Coleridge’s “Kubla Khan” and Larkin’s “An Arundel Tomb” are both examples in which the poets endeavour to record and preserve things. The important aspect however, is whether they succeed in such an attempt and whether the preservation of something in itself is meant to last indefinitely, or merely to exist until the imagination desires otherwise, or falters by the faults and tumult of mankind. On first glance, Kubla Khan appears to be a highly complex, unstructured and almost nonsensical poem, having been solely devised to confuse the minds of readers as to its meaning and significance.
Indeed at first, there would appear to be none at all. Its complexity relates to the fact that it is incomplete, as is conveyed by its subtitle “A Vision in a Dream – A Fragment”, hence the confusion felt when reading it. However, on closer examination, we discover there to be a significant aspect as to the poem’s structure and we wonder whether it is deliberate, in order to convey the meaning of the poem more effectively.
This “Fragment of the Dream” is what the poet is attempting to preserve, his vision in a dream of the perfect poem. He skilfully endeavours this by means of metaphorically “preserving something” within the context of the poem, in order to convey his meaning more efficiently. The meaning within the poem is the preservation of the sublime and of perfection. The persona in the poem is Kubla Khan, representing God, and his creation is “the stately pleasure dome” in “Xanadu”, symbolic of God’s Garden of Eden/Paradise.
This is Khan’s vision of serene and tranquil perfection, filled with the joys and wonders of life: “And there were gardens bright with sinuous rills/Where blossomed many an incense-bearing tree”. Metaphorically this represents the poet’s perfect vision. In the first stanza, Khan is proud of his creation, and it is this image of Paradise, along with its perfection and Absolute Unity of apparently contradictory elements, which is the object of his endeavoured preservation. Khan’s Xanadu is the image of perfection and perfect harmony, in which there can be no contradictions and no opposites.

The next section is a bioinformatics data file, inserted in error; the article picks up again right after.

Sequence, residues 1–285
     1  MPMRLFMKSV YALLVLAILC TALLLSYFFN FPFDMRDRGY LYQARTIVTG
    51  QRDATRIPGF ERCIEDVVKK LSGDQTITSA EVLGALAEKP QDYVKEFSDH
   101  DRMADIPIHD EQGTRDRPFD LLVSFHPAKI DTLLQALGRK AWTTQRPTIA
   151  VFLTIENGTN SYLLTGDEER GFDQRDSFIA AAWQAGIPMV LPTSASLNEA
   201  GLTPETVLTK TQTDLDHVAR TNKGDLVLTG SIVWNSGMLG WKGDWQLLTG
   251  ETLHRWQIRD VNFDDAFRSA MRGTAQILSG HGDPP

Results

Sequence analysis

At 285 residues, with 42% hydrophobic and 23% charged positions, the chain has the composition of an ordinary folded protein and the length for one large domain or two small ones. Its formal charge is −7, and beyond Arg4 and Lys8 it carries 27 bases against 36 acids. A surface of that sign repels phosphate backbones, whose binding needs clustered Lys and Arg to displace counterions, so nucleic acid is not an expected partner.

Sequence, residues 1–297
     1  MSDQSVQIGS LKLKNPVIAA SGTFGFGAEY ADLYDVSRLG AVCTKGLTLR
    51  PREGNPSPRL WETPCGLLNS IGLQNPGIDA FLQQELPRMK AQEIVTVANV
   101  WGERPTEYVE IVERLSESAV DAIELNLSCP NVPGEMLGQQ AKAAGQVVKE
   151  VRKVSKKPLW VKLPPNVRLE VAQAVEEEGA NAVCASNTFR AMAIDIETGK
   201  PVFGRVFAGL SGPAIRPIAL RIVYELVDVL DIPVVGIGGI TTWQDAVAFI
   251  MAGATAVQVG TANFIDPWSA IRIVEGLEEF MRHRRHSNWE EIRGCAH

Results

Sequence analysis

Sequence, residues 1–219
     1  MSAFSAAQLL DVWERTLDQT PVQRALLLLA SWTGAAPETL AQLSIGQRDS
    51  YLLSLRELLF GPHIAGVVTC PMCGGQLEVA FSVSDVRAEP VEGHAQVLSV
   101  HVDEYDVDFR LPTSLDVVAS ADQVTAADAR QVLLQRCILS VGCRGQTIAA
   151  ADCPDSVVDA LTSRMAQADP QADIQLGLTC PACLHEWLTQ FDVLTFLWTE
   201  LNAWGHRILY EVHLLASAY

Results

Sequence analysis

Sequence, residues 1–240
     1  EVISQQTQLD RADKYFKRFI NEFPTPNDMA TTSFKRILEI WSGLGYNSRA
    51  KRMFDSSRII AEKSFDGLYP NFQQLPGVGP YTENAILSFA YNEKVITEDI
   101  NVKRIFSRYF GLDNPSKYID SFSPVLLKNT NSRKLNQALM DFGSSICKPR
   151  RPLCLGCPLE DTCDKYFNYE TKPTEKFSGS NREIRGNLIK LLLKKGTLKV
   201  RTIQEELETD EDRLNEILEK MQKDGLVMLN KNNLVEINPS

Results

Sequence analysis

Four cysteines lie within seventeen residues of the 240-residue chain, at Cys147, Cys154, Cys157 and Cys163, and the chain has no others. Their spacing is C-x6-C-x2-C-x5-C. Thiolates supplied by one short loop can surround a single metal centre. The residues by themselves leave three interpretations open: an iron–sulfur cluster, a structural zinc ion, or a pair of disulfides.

The poet’s frequent use of oxymoron: “A sunny pleasure dome”/”Caves of ice”, present a series of antithesis, of which one component cannot exist without its opposite, thereby stressing the importance of obtaining the Absolute Unity in order to preserve the perfection of Khan’s Paradise. However, his attempt to retain his image of Utopia starts to deteriorate, as is evident by the end of the second stanza.
Where the first stanza exemplifies the harmonious criteria of beauty “gardens bright” and orderliness “twice five miles” the second is full of discordant images of “rebounding hail” and “deep… hasm[s]”; the movement from the beautiful to the sublime. This denotes the “ceaseless turmoil” and “tumult” which is caused with the arrival of man: “By woman wailing for her demon lover”. It is implied that man’s presence is disruptive of perfection and tranquillity. Echoed again is the Book of Genises and the expulsion of Adam and Eve from the Garden of Eden due to their disruptive inquisitiveness and thirst for knowledge. In the third stanza the metre changes completely and the language becomes more simplistic.
The poet is now speaking of himself rather than Kubla Khan “In a vision once I saw”. The poet seems to be deeply melancholic and nostalgic for the dream he has lost; “Could I revive within me/Her symphony and song”. Evidence shows here the poet’s failure at preserving his dream, which is metaphorically presented through the damage caused in Khan’s Paradise, by man, who is threatening to destroy the perfection and Absolute Unity; “And ‘mid this tumult Kubla heard from far/Ancestral voices prophesising war! ”